Sincerely,
Linda Liu
Microsoft Online Community Support
Apr 17 '07 #3

P: n/a
Hi Frank,

Thank you for your reply.

I have pasted your sample code in a form's Load event handler within my
test WinForm application.

When the application is run, I see the values of the variable 'i' are
printed in the Output window. The Immediate window has no output.

Is there any difference between your project and mine?

Sincerely,
Linda Liu
Microsoft Online Community Support

Apr 18 '07 #4

P: n/a
Linda Liu [MSFT] wrote:
Hi Frank,

Thank you for your reply.

I have pasted your sample code in a form's Load event handler within my
test WinForm application
When the application is run, I see the values of the variable 'i' are
printed in the Output window. The Immediate window has no output.
Is there any difference between your project and mine?

I am sorry, I dropped the ball. Replace the Console.WriteLine() with
System.Diagnostics.Debug.WriteLine(). So the code goes like this:
using System.Diagnostics;

for (int i = 0; i < 10000000; i++)
{
Debug.WriteLine (i.ToString());
Thread.Sleep(100);
}

Apr 18 '07 #5

P: n/a
Hi Frank,

Thank you for your prompt response.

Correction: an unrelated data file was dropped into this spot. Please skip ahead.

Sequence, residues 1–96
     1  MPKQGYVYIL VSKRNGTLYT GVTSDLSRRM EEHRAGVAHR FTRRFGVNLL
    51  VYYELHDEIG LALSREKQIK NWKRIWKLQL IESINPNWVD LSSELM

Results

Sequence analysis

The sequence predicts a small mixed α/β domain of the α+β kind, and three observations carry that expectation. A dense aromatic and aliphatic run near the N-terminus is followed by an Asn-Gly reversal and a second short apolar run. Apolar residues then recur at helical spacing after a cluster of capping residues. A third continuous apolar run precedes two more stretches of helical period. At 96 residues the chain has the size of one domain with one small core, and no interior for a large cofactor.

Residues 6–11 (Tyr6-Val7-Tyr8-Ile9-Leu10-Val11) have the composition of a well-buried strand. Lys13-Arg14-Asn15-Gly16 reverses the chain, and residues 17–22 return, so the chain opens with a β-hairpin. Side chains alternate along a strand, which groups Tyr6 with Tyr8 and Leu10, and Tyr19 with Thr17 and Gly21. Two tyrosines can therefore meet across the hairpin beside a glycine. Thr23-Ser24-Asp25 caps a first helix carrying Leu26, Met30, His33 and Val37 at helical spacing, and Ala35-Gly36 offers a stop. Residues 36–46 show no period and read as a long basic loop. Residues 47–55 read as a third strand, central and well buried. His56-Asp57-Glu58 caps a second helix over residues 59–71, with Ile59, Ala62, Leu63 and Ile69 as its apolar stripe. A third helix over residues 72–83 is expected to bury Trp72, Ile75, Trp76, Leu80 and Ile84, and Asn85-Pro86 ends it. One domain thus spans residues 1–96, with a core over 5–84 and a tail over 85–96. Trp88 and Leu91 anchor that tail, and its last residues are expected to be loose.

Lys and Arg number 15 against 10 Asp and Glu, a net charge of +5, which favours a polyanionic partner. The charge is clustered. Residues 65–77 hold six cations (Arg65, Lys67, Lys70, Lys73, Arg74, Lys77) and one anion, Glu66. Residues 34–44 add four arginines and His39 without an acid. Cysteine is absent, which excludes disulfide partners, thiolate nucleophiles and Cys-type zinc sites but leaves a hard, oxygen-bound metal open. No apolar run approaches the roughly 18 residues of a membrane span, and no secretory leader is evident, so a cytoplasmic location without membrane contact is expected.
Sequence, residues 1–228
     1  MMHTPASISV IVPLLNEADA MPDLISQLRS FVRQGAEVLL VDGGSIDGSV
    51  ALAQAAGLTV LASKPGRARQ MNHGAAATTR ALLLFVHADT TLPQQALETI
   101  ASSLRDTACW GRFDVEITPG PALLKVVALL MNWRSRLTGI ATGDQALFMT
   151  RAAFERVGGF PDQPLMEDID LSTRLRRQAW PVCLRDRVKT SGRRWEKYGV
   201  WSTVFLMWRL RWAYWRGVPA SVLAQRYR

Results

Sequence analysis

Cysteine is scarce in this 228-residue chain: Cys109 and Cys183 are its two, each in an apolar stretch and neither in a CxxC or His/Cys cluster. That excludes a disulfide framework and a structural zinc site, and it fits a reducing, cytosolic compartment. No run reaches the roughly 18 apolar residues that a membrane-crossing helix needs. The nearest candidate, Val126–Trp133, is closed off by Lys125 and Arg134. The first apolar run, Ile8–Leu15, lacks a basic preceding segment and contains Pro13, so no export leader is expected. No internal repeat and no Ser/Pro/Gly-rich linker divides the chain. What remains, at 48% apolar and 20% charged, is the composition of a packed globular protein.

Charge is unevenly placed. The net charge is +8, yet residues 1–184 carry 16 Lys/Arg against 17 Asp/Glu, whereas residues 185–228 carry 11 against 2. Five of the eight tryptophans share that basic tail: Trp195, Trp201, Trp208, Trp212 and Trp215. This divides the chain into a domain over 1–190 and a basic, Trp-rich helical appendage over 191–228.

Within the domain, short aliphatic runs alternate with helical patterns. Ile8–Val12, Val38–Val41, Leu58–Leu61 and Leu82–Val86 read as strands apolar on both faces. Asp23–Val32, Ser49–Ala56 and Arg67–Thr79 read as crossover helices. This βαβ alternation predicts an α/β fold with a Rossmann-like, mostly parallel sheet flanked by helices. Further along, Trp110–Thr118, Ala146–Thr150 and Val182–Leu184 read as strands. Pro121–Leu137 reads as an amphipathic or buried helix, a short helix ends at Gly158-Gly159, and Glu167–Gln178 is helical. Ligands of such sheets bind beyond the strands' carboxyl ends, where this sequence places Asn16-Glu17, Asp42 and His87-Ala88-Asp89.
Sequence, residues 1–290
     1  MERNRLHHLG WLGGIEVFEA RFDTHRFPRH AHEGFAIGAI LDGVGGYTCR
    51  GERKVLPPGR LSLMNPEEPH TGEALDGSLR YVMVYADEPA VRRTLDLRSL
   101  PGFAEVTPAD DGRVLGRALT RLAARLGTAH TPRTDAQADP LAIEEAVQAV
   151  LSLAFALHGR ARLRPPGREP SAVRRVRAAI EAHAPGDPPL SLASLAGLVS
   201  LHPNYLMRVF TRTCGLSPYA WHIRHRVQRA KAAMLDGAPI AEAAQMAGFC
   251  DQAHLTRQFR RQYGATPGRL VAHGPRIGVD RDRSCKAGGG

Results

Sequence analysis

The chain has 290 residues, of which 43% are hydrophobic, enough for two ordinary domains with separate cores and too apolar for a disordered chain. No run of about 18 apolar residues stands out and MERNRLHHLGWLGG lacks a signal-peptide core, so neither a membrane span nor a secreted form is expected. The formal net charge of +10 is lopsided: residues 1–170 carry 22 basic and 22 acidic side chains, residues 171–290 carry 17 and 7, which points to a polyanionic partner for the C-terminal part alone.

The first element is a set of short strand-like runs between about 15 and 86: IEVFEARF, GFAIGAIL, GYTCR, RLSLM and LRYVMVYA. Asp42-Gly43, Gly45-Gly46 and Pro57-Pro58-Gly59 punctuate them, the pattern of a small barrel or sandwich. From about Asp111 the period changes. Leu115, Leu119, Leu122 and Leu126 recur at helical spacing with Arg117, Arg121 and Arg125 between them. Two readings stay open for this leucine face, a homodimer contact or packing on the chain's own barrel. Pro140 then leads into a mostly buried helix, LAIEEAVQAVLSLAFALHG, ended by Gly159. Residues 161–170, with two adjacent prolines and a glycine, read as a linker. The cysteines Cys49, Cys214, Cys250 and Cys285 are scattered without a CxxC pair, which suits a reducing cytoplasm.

I found an debugging setting of 'Redirect all Output Window text to the
Immediate Window' in VS05 and after I turn on this option, I saw the values
of the variable 'i' are printed to the Immediate window.

I did see that the Immediate window scrolls regardless of where the cursor
is whenever something new shows up.

I haven't found a setting to change the above behavior of the Immediate
window.

But this problem doesn't exit in the Output window, so I suggest you use
Output window instead of the Immediate window.

To do this, go to the menu Tools | Options. In the Options window, navigate
to Debugging | General. On the right hand, find the option of 'Redirect all
Output Window text to the Immediate Window' and clear the checkbox before
it.

Hope this helps.

Sincerely,
Linda Liu
Microsoft Online Community Support

Apr 19 '07 #6

P: n/a
Linda,

Thank you very much. This did the trick. It now works as I expect it.

Regards
Linda Liu [MSFT] wrote:
Hi Frank,

Thank you for your prompt response.

I found an debugging setting of 'Redirect all Output Window text to the
Immediate Window' in VS05 and after I turn on this option, I saw the values
of the variable 'i' are printed to the Immediate window.

I did see that the Immediate window scrolls regardless of where the cursor
is whenever something new shows up.

I haven't found a setting to change the above behavior of the Immediate
window.

But this problem doesn't exit in the Output window, so I suggest you use
Output window instead of the Immediate window.

To do this, go to the menu Tools | Options. In the Options window, navigate
to Debugging | General. On the right hand, find the option of 'Redirect all
Output Window text to the Immediate Window' and clear the checkbox before
it.

Hope this helps.

Sincerely,
Linda Liu
Microsoft Online Community Support
Apr 19 '07 #7